An addict that is active in their addiction will lie, deceive, and break promises to maintain their using. People who are married to addicts understand how much pain this behaviour causes. They married someone for love, for security, for joy, and instead their lives turned into heartbreak, betrayal, and regret. Marriages can get utterly destroyed by addiction because the path through is not easy.
Your marriage can survive the wreckage of addiction if the addict begins showing basic respect and accountability, which sounds simple enough. This is difficult because the addict must lead the way, and in most cases, addicts have never done such a thing before in their lives.
Basic respect means that the addict in the marriage must stop the behaviour that is causing harm to their partner. Basic accountability means that the addict must claim responsibility for their actions, as well as the consequences of their actions. And while a person that transforms themselves from addiction to sobriety experiences massive changes in themselves, such changes do not usually happen very fast.
The most basic approach to such transformation for you, the addict, is that you must begin the path of healing and rebuilding, for you, your partner, and the marriage, and stay committed to this path, no matter what.
For the addict, it’s time to grow up. Your addiction is an old strategy for solving old problems, and today this strategy is creating more problems than it solves. Instead of blaming your spouse, your parents, your job, or the world for making life so terrible that you need to use, it is time to own your decisions, face your problems, learn your lessons, and take action.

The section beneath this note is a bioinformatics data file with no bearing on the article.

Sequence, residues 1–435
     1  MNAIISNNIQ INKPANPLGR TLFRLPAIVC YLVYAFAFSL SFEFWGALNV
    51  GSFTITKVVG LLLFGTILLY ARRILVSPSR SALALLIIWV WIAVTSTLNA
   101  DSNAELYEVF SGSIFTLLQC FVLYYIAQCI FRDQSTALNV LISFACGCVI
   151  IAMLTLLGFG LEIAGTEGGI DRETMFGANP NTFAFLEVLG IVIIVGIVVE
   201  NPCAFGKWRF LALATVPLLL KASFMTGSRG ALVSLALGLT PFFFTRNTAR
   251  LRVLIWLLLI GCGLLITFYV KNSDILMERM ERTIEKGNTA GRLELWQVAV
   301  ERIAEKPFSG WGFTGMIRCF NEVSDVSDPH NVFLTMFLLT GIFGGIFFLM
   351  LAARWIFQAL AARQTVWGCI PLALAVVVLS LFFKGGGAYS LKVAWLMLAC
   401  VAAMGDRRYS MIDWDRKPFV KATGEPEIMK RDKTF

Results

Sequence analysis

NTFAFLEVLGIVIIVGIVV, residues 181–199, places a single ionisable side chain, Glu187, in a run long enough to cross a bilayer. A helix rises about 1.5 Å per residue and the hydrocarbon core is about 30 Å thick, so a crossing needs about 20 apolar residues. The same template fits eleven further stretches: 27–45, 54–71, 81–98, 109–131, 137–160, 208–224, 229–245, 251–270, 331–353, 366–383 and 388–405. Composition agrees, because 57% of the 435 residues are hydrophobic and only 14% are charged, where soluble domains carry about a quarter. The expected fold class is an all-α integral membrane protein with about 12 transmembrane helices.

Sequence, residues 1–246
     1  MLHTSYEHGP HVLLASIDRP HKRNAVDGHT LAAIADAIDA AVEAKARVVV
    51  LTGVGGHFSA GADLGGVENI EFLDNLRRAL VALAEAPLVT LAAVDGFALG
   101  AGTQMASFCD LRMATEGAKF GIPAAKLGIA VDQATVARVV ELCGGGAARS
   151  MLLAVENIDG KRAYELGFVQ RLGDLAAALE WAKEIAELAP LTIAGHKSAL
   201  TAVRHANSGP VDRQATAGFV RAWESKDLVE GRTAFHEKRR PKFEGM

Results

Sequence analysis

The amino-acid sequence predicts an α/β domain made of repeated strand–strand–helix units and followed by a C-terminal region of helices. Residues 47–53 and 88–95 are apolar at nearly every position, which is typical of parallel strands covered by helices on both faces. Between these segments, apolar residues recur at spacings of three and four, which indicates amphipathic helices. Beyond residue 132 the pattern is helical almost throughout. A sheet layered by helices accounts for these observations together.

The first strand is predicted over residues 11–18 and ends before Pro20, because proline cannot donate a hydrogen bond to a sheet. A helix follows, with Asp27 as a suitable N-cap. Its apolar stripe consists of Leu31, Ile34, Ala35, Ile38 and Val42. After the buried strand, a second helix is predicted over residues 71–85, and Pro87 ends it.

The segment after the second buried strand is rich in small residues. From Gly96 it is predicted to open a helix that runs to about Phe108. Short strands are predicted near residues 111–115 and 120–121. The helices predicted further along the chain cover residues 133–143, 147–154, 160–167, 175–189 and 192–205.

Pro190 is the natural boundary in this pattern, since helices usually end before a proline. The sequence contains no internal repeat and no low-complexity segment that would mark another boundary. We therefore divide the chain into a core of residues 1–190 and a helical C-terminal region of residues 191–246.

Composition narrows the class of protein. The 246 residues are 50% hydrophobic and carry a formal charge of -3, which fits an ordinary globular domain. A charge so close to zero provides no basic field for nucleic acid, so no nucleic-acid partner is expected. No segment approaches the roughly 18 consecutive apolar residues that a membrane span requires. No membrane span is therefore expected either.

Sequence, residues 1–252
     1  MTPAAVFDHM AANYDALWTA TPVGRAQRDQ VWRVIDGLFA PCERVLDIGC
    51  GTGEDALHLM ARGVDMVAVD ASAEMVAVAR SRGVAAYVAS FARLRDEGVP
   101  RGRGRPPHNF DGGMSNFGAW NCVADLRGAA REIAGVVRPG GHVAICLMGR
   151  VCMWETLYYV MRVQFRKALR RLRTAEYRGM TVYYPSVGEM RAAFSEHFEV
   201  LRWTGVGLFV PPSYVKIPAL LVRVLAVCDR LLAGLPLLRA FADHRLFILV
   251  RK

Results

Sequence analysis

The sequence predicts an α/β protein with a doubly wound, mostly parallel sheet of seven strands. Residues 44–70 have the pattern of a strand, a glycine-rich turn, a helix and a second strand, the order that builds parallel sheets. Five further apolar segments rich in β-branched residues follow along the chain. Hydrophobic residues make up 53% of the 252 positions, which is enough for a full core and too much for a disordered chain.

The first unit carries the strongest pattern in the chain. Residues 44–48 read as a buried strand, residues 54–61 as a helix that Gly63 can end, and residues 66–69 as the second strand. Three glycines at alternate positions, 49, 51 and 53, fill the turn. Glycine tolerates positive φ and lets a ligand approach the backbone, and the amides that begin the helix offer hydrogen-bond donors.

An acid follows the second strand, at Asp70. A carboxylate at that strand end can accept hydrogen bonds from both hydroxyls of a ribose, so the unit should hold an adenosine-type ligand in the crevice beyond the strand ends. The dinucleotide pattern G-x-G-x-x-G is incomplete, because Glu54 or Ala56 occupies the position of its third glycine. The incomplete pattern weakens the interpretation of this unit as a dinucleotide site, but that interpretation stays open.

Some of the most common delusions in addiction are “I’m not hurting anyone but myself”, or “what they don’t know won’t hurt them.” In a marriage, you are hurting your partner every time you choose addiction before them. The pain that you cause is traumatizing, and if you continue hurting them, each lie and broken promise brings up a cascade of other hurts you have caused.
Changing your behaviours is difficult. It is also difficult to stay patient while they watch you with uncertainty. It is part of your commitment to give them back the security that you took away, and wait for them to trust you again, knowing that it may take a long time for them to believe you are actually real.
Farther down the path of marriage through addiction, you will come to harder questions. Can the addict ever be trusted again? Are you staying married because of the kids, or the finances? Do you actually love each other? You may not make it to these questions, if you don’t handle the basics first. Untie the first knots before you get to the deeper ones.
And know that saying that you will stop or intending to commit to sobriety are not enough anymore. Your partner will see if you are actually real by what you actually do.